The other issue I see with the panel opinion is that I think Apple probably has done enough to establish that it has standing due to apprehension of suit after the license expiration (unless these patents expire before then). The previous lawsuit is a pretty good reason to think there’s a risk of future litigation over future products (which cannot be covered by a dismissal with prejudice). Maybe there were more facts they could have alleged, but ultimately I think this case is just following some overly-narrow opinions on apprehension of future suit as a basis for IPR appeal standing. If you look at those cases, they essentially seem to require the potential infringer to allege facts establishing that they will infringe – that puts you in an impossible position. Or they force you to show investments in infringing technology rather than evidence that you intend to use the patented technology if the patents are invalidated.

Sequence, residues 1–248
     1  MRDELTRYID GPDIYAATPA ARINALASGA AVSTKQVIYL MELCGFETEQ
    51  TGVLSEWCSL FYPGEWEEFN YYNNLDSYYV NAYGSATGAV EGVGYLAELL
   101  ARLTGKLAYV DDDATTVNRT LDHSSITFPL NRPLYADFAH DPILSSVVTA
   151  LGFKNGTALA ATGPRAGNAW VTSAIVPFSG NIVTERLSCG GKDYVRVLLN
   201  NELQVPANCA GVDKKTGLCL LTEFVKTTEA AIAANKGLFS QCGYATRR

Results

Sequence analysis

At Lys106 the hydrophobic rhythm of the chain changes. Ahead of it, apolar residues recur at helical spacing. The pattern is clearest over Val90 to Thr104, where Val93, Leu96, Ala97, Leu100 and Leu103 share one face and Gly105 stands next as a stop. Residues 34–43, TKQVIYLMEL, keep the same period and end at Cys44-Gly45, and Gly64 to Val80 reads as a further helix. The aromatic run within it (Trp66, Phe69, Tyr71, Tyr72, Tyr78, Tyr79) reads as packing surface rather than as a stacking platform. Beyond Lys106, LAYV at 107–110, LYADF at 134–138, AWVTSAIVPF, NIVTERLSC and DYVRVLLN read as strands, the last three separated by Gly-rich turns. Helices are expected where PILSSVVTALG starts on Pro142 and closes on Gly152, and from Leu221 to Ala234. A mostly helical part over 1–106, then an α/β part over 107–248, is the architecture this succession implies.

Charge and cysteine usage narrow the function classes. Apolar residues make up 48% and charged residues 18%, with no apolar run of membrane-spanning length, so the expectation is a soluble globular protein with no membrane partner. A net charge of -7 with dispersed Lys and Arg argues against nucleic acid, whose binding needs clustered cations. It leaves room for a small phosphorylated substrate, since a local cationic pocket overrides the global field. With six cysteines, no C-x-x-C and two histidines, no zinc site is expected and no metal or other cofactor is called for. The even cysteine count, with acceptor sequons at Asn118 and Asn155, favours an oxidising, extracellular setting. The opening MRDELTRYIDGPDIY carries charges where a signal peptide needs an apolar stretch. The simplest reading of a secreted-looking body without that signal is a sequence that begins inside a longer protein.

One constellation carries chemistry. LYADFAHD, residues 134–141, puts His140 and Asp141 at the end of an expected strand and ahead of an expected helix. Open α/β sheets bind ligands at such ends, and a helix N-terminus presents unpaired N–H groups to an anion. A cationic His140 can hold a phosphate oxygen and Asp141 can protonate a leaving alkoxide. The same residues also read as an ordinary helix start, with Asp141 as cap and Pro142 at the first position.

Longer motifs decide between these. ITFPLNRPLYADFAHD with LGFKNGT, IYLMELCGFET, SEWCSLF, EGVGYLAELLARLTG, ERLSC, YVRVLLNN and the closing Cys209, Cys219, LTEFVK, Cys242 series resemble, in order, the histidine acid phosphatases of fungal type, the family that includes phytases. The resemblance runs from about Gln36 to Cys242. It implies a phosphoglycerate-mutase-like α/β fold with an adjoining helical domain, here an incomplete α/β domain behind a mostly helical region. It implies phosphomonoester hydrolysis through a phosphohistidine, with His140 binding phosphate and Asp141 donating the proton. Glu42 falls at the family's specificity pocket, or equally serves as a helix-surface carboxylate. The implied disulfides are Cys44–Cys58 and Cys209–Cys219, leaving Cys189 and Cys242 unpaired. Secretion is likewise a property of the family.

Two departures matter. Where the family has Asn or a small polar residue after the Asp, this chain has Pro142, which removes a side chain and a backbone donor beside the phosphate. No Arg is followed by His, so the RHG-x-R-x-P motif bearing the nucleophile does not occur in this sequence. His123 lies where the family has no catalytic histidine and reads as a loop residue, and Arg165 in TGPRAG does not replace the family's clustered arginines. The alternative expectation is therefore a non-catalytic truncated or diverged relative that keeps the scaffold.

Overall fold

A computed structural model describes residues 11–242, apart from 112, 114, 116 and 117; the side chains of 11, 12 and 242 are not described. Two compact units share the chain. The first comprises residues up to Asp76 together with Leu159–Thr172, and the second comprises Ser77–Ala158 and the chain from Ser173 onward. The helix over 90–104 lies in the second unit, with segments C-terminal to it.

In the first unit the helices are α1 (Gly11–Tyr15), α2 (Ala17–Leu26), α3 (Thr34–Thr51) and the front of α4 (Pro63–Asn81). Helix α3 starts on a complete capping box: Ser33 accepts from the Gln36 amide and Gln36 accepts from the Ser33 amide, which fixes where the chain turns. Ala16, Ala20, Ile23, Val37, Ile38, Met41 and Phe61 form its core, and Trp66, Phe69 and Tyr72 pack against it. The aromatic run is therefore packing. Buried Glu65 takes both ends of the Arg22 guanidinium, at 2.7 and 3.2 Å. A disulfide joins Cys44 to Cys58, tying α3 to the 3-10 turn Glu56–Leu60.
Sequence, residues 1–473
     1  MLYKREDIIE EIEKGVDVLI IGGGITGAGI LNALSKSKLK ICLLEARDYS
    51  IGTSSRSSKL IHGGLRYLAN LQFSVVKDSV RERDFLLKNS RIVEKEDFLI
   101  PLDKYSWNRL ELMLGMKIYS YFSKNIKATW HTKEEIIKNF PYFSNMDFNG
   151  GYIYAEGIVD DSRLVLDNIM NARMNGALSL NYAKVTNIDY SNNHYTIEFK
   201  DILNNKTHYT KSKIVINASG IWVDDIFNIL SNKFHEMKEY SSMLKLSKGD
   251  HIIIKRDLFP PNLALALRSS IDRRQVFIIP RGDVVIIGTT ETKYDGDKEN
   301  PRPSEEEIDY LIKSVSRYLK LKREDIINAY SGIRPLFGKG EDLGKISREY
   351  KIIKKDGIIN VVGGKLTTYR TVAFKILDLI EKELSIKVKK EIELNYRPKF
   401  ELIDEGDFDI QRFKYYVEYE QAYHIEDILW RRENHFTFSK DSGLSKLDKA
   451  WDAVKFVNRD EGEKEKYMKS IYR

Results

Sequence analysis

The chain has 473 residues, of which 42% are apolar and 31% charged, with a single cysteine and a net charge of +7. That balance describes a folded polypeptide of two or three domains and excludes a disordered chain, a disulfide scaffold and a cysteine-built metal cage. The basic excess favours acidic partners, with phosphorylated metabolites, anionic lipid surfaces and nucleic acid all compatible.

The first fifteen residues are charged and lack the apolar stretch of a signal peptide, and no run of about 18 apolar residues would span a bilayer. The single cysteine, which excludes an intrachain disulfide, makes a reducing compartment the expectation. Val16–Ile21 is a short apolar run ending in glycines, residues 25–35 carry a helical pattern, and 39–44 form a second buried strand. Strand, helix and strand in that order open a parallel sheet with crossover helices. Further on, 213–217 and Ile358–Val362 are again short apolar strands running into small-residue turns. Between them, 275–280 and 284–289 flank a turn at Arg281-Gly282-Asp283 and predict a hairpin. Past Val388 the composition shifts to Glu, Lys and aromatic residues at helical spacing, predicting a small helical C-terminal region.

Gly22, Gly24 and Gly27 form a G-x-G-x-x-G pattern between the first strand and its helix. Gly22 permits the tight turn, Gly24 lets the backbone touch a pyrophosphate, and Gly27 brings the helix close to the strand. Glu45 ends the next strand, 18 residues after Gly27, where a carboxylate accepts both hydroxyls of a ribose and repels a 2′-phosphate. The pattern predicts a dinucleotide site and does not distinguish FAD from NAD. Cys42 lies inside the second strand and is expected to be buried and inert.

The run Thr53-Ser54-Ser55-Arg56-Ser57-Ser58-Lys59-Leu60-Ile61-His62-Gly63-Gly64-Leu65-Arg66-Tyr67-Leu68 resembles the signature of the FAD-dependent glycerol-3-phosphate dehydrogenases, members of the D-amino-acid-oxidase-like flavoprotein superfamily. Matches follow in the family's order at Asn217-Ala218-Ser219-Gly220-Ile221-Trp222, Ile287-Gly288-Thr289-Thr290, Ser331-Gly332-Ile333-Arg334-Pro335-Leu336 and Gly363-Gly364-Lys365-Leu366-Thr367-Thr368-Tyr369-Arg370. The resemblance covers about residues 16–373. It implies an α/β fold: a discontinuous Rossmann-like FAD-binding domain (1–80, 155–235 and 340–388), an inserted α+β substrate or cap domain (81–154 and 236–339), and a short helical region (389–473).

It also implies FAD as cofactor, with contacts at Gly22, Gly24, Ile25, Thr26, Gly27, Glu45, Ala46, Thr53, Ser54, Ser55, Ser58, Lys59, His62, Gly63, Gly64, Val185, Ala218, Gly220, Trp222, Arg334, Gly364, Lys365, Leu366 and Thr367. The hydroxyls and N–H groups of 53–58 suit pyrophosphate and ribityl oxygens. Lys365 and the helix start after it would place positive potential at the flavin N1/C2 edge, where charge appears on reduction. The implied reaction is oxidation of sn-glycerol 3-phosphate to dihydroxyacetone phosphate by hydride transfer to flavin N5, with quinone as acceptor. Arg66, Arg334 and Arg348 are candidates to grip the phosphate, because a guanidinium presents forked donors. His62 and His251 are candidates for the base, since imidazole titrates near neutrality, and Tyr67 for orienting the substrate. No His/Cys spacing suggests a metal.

In general, I think the line that the Federal Circuit has taken on IPR appeal standing has been too narrow, and at some point it may get fixed by the Supreme Court, but it’s possible that this isn’t the case to do that.

    1. 5.1

      How does “apprehension of suit after the license expiration” satisfy a present requirement of standing?

      Future concerns appear to be the epitome of conjecture.

      1. 5.1.1

        Yes, I recall something called the “ripeness doctrine” from law school. Essentially that means that maybe in the future you will have standing, but you don’t now.

    2. 5.2